Despite there being a plethora of great coaches in Alabama's long history, one clearly stands above the rest in the hearts and minds of the Crimson Tide faithful: Coach Paul "Bear" Bryant. In 25 years at The Capstone he won six national titles and thirteen conference titles. Not too shabby coach...not too shabby. Bryant's importance in Alabama history is underscored by the fact that almost 30 years after his last season people are still referring to "the post-Bryant era."
There have been quite a few ups and downs in the post Bryant era and if one were to single out a coach as the best coach in that time period, I'd venture a guess that 100% of Alabama fans would either go with Nick Saban or Gene Stallings. Let's remove the two post-Bryant national championship winners from the equation though and then see who people cast their lot with.
Do you go with Ray Perkins (32-15)? He had the unenviable task of following the most beloved coach in college football history and arguably the most beloved coach in all of American sports history. How do you follow Coach Bryant? You don't. Perkins rode that storm out while ruffling a few feathers along the way. You've got to appreciate his moxie though in regards to being his own man and the guy got the Notre Dame monkey off of our back in 1986 when Alabama defeated the Irish at Legion Field. On the downside, Perkins registered Alabama's first losing season since J.B. Whitworth.
How about Bill Curry (26-10)? He picked up an SEC championship, never had a losing season, has the best winning percentage of this group of coaches and beat Tennessee and Penn State three years in row. However, he couldn't beat Auburn and that's obviously a big problem. And let's not even get started on those dreadful game day sweaters.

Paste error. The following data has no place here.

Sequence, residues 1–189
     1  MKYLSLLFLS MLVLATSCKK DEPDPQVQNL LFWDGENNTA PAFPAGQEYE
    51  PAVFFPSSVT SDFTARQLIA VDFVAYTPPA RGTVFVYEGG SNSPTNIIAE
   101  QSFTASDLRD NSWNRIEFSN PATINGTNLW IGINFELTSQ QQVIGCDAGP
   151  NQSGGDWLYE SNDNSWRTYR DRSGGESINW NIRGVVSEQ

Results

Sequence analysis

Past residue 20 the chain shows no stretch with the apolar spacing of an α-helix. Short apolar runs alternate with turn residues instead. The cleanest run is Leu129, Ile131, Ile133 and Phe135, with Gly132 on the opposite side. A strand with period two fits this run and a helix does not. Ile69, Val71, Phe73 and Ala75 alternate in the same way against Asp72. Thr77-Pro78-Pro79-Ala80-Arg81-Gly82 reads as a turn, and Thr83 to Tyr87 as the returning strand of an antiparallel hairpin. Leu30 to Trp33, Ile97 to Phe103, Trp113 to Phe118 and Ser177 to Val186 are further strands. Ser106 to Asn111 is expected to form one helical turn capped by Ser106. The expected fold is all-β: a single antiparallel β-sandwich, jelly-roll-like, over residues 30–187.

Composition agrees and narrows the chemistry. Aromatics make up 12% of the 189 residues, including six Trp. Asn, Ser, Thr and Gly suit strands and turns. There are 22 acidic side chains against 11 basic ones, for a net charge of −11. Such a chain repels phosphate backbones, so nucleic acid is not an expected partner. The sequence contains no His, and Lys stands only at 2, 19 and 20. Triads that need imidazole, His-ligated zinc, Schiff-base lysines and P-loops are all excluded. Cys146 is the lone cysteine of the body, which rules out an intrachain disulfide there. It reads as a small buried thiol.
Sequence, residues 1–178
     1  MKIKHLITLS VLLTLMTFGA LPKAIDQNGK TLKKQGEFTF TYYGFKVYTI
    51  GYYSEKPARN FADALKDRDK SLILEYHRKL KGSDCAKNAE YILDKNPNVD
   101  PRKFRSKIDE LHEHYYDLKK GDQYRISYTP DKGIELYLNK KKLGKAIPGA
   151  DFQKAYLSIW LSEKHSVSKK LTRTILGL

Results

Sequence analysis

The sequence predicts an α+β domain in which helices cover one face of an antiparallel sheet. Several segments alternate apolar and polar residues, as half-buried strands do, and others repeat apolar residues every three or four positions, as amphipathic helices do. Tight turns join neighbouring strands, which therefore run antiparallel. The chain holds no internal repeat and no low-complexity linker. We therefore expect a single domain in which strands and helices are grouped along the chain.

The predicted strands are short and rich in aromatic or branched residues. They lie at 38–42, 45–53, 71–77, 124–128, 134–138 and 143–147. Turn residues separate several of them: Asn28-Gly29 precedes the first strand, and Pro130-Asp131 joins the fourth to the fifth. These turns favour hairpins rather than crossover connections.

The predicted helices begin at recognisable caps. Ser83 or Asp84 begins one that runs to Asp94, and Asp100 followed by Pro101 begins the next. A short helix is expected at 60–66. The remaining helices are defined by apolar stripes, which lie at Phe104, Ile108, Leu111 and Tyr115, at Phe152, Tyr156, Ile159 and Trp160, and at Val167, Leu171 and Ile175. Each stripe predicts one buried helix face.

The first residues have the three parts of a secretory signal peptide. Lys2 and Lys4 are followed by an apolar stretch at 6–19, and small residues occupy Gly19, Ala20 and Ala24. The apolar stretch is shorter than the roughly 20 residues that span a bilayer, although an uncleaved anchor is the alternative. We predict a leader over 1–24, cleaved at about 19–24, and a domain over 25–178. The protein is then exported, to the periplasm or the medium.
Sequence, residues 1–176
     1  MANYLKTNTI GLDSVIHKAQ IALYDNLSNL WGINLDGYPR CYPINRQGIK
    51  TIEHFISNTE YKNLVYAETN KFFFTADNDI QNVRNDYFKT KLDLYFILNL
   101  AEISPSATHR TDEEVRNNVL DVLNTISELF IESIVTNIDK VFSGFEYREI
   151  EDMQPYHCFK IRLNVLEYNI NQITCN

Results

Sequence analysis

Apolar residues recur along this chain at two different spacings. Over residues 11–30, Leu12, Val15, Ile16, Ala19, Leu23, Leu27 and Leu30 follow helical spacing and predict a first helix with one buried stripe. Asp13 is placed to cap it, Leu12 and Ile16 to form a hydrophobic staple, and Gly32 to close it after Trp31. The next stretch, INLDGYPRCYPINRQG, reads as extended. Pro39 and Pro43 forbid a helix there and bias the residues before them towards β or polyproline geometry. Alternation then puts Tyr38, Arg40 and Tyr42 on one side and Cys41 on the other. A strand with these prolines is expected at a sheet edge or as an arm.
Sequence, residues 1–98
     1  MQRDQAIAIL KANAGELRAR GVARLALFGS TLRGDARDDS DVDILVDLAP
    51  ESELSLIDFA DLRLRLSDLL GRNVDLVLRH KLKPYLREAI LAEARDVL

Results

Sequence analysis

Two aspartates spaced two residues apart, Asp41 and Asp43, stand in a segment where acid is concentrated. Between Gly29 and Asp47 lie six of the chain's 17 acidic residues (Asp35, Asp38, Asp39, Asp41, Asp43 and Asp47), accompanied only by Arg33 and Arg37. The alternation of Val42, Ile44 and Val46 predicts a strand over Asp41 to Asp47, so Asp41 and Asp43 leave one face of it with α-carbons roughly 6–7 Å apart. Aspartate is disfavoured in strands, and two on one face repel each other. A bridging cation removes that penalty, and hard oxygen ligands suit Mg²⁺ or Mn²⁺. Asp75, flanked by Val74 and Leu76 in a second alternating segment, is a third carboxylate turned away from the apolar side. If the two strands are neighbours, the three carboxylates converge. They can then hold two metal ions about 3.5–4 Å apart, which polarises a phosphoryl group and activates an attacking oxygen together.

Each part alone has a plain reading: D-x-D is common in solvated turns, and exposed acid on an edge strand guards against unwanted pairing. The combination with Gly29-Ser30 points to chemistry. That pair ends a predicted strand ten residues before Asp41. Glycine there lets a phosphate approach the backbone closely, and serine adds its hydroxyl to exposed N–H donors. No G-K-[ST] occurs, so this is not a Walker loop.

Then there's Mike Dubose (24-23). Dubose beat Florida twice in one year on the way to an SEC championship...the last one we won until Saban came along. He did lose to Louisiana Tech that year though and that took the shine off of it a little bit (not to mention that he actually lost to them another time in his four years.) He also presided over the first loss to Kentucky in about a thousand years and lost to Central Florida at homecoming in his final year. Dubose also eventually got us into some major hot water with the NCAA.
Dubose's departure led to the hiring of Dennis Franchione (17-8). Franchione won 10 games in his second season and taught us all about how to weather a storm and how to hold the rope together as a team and a family.
Mike Price (0-0). Well, at least he never lost to Auburn. "It's rollin' baby!"
Finally, we have Mike Shula (26-23), who probably walked into as bad of a situation as anyone could ever imagine in his first year at Alabama. He was the third coach the team had in less than a year, he didn't get to take the team through spring training and was basically destined to fail his first year due to lack of time to prepare for anything. Shula only coached one winning season despite having an overall winning record at Alabama. His biggest accomplishment is that he helped the program ride out a particularly difficult time in its history quietly and with dignity. His biggest problems were that he was too loyal to his assistants and ran too lax of a program ("Club Shula.")
Now it's time for that asterisk*. So, factoring in both on the field performance and what they did for the program as a whole, which of these six non-national-championship-winning men was the best coach while at Alabama? Please vote and discuss in the comments.